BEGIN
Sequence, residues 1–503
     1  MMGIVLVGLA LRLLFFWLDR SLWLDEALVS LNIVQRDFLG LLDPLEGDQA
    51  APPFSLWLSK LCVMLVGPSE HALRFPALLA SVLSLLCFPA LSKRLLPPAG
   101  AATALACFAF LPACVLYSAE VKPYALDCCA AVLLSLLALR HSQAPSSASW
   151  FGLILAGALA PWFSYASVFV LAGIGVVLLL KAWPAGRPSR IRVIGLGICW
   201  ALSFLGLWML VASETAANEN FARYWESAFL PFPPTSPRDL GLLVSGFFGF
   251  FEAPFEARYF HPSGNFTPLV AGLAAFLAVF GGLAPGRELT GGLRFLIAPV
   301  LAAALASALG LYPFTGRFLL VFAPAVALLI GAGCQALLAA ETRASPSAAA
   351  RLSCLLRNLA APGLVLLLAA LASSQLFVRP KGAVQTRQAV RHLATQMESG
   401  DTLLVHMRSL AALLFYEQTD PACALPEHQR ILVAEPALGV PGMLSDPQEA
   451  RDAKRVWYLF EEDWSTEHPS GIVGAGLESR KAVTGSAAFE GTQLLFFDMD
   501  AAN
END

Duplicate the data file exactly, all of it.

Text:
Sequence, residues 1–503
     1  MMGIVLVGLA LRLLFFWLDR SLWLDEALVS LNIVQRDFLG LLDPLEGDQA
    51  APPFSLWLSK LCVMLVGPSE HALRFPALLA SVLSLLCFPA LSKRLLPPAG
   101  AATALACFAF LPACVLYSAE VKPYALDCCA AVLLSLLALR HSQAPSSASW
   151  FGLILAGALA PWFSYASVFV LAGIGVVLLL KAWPAGRPSR IRVIGLGICW
   201  ALSFLGLWML VASETAANEN FARYWESAFL PFPPTSPRDL GLLVSGFFGF
   251  FEAPFEARYF HPSGNFTPLV AGLAAFLAVF GGLAPGRELT GGLRFLIAPV
   301  LAAALASALG LYPFTGRFLL VFAPAVALLI GAGCQALLAA ETRASPSAAA
   351  RLSCLLRNLA APGLVLLLAA LASSQLFVRP KGAVQTRQAV RHLATQMESG
   401  DTLLVHMRSL AALLFYEQTD PACALPEHQR ILVAEPALGV PGMLSDPQEA
   451  RDAKRVWYLF EEDWSTEHPS GIVGAGLESR KAVTGSAAFE GTQLLFFDMD
   501  AAN